— Rebuild or Replacement for the LAV III 'Platform'?
The CF's light armoured vehicle fleet  in Afghanistan is being ground down by IED attacks, bad roads, and
constant patrolling. Even the newest LAV IIIs (left) are wearing out. In the press, CDS Gen Rick Hillier
has revealed that the CF is looking for LAV III replacements. Earlier, the CLS, LGen Leslie, suggested in a
leaked report that overhaul and rebuild could extend the LAV III fleets service life. In April 2008, the maker
of the LAV III, General Dynamics Land Systems- Canada, displayed its new LAV-H concept vehicle to staff at
NDHQ in Ottawa (right). So what exactly is GDLS-C's new LAV-H?
LAV-H: Light Armored Vehicle-High Capacity
LAV-H is a 'Technology Demonstrator Chassis' based on a US Stryker. At a glance, a LAV-H
looks very much like the Piranha IIIC, Mowag's version of the LAV III (right), but there are major
differences. The Piranha/LAV III/Stryker family were designed for a gross vehicle weight of 17-t.
LAV-H has a 25 tonne GVW to cope  with the greater weight of operational equipment and add on armour. Extra
protection is also afforded by a revised floor beneath the crew compartment that now forms a shallow 'V'
to deflect IED and mine blasts from below (left).  As can be seen, LAV-H add-on armour is also consider- ably
thicker than that currently applied to CF LAV IIIs (especially hull side plates).
CF LAV III – Fate of the Future Fleet
All Afghan-deployed LAV IIIs must be rotated out for refit and repair every 12 months  and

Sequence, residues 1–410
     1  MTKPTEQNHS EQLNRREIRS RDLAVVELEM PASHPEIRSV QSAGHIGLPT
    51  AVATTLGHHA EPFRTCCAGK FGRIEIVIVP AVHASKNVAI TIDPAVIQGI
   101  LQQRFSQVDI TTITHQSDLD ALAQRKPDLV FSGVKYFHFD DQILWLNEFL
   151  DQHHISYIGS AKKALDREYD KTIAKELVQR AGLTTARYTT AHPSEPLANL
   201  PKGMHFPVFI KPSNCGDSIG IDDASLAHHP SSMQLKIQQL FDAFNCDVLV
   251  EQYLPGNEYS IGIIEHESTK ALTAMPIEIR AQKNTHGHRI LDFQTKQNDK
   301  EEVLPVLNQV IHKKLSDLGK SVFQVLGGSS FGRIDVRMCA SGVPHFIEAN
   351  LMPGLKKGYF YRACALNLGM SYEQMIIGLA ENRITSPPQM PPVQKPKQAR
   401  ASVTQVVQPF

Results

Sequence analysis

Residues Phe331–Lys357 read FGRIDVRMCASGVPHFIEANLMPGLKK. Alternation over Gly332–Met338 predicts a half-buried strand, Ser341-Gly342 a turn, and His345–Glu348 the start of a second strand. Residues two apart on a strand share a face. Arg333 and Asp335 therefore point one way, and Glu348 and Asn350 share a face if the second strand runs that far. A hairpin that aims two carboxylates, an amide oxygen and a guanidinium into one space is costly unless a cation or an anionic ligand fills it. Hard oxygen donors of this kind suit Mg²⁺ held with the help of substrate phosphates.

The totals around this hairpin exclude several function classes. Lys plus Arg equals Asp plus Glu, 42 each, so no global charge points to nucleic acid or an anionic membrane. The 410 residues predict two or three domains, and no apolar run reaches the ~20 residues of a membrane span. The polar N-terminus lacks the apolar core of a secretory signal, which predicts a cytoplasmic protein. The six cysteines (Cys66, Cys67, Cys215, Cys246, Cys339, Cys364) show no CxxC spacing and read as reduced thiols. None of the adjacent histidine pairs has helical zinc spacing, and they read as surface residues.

replacement stocks are dwindling. If the entire LAV III fleet is to be replaced altogether, new
vehicles may look very much like LAV-H. If, on the other hand, the LAV IIIs are 'reset',
upgraded LAVs may be indistinguish- able from current LAV IIIs – but better protected and
able to handle today's higher weights.
 Currently in Afghanistan, the CF has light armoured vehicles from three distinct families – the
wheeled LAV IIIs, two representatives of an earlier generation of 8x8 wheeled LAVs (the Bison carrier and
Coyote recce vehicle), and the tracked TLAVs (M113A3s or MTVLs). All of these vehicles must cope with a
hostile climate (geographical and often human) at weights far greater than originally designed for.
 The LAV-H was developed to demonstrate potential Stryker refit improvements to the US Army. As such, the
LAV-H was based on a US M1126 IFV (effectively a turretless LAV III). The LAV-H's chassis and armour
improvements could be applied to any LAV III chassis.
 The higher GVW is possible because of the LAV-H's improved hydro-pneumatic suspension. (For comparison
sake: LAV III GVW is 17.2 tonnes and curb weight is 14.2 tonnes. M1126 Stryker is 13.9 tonnes
while, oddly, LAV-H's curb weight is listed at only 13.2 tonnes). LAV-H suspension is based on the
Piranha V – an evolved LAV III developed for the British FRES competition – with a baseline of
 A potential criticism of the LAV-H upgrade is that, while belly armour may be enhanced, that crew
compartment 'V' shaped floor does not extend forward to the driver's position. Overviews of CF Afghan
vehicular casualties suggest that drivers are very vulnerable to IEDs.
However, troops in the rear would be better protected, sitting isolated from the floors in
roof-suspended seats from Armatec Survivability.
 In 2006, GDLS-C established a LAV III overhaul and refit centre in Edmonton to handle CF
vehicles being returned from Afghanistan. A post-deployment 'reset' program at that Edmonton facility would
be an economical way to deal with LAV shortfalls. But, there are two problems. The original LAV III
procurement plans were cut back in the mid-'90s. So, the CF was short of LAV IIIs from the outset
(which brings up replacing Bison ISCs...). And, previous wheeled LAV life-extension projects (WLAV / APC-LE)
were not managed well by DND. The best plan may be to farm-out management of a 'reset' for surviving LAV
IIIs and top up stocks/replace Bison with new-built LAV-Hs.